by Jill Burke
Thursday, September 25, 2008
WASHINGTON, D.C. -- Federal prosecutors opened their case against Sen. Ted Stevens by accusing the longest-serving Republican senator of knowingly concealing hundreds of thousands of dollars in gifts and home remodeling.
But Stevens' defense claims the senator had no idea he wasn't getting all the bills for his home renovation.
Prosecutor Brenda Morris said Stevens has learned in his 40 years in the Senate how to accept gifts without getting noticed. Additionally, Morris said that Stevens thumbed his nose at the public's right to know about such gifts.
"Ladies and gentlemen, you do not survive that long in this town without being smart, deliberate, forceful and knowing how to fly under the radar," Morris told the jury. "Stevens knows how to get things done with little said."
"We reach for the yellow pages," Morris said. "He reached for VECO."
Stevens is accused of lying about gifts from a powerful oil services company, VECO Corporation, and Stevens' friend Bill Allen, the company's chief executive. He faces up to five years in prison on seven counts of making false statements. He also faces a difficult challenge for his Senate seat, which he's held since the 1960s.
Meanwhile, Stevens' attorney claimed that an overzealous contractor is to blame.
Attorney Brendan Sullivan said Stevens paid $160,000 for renovations he wanted done on his Girdwood home. But Stevens had no idea Allen wasn't sending some of the bills, Sullivan told the court.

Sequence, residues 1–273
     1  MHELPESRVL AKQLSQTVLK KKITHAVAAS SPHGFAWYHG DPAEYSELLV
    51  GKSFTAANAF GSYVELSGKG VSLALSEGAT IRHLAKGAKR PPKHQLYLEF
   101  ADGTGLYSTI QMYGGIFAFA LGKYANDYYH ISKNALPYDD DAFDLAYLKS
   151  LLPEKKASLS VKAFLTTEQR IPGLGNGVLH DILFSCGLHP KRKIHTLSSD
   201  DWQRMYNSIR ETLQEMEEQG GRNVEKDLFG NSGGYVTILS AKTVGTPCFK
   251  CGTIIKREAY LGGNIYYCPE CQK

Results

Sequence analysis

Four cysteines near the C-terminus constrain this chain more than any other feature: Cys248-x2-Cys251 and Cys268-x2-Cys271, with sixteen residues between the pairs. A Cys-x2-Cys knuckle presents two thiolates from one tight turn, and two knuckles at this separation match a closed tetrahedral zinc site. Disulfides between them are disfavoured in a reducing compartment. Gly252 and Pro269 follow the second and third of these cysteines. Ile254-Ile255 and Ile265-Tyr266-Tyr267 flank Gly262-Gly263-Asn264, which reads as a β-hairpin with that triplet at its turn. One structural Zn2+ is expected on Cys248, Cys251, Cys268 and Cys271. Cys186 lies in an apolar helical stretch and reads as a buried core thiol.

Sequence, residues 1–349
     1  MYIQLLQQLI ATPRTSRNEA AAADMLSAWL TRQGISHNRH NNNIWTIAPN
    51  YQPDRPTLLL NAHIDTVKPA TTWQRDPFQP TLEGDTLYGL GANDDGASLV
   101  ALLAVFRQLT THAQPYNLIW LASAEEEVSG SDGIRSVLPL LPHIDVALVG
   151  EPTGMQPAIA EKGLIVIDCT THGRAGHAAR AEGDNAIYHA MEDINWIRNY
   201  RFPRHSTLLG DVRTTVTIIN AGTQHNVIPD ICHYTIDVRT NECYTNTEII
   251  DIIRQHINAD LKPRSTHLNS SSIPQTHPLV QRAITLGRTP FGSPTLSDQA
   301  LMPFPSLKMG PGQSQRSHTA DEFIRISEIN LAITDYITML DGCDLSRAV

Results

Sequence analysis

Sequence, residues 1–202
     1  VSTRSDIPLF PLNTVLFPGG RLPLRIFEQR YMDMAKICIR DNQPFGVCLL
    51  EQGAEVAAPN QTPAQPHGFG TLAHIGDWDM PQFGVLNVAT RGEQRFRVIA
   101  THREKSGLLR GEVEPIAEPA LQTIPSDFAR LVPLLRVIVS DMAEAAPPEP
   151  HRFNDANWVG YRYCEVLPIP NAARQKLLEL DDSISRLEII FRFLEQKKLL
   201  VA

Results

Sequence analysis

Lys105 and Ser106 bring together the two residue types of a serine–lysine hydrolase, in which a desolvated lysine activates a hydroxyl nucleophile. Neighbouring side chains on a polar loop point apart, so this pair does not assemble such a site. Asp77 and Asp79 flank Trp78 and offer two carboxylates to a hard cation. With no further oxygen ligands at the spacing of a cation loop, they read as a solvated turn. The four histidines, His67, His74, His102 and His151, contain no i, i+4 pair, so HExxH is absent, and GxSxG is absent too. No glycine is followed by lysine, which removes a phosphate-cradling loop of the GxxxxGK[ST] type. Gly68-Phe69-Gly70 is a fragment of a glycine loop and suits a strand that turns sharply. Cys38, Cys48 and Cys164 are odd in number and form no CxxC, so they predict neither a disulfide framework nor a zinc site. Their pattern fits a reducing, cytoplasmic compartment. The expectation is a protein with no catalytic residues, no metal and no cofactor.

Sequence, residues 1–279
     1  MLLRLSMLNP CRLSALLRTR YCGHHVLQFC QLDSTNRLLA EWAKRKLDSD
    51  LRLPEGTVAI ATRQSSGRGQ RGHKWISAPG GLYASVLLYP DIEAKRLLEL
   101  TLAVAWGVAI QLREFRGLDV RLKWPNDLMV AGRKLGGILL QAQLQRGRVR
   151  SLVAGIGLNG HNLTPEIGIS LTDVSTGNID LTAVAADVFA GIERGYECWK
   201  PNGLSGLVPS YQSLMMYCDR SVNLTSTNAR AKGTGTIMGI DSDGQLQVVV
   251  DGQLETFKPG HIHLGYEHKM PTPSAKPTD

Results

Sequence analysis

Stevens never asked for gifts such as a gas grill, a tool box, furniture or a complicated rope lighting system, Sullivan said, and he described Allen as someone who regularly went overboard.
Prosecutors said they'll prove Stevens kept his valuable relationship with Bill Allen hidden for one reason: he knew it was wrong, and he wanted the gifts to keep coming.
The defense said the only thing Stevens is guilty of may be a bad choice in a friend and his unwavering loyalty to Alaskans.
In the opening statements, Prosecutors referenced a conversation between Stevens and Allen that they apparently intercepted through surveillance.
In the conversation between Allen and Stevens a reference is made to "we're in this together."
Stevens goes on to say that in "worst case scenario we'll spend a lot of money on lawyers and do a little jail time."
Meanwhile, prosecutors are now in the process of putting former VECO employees involved in the home remodel on the stand.
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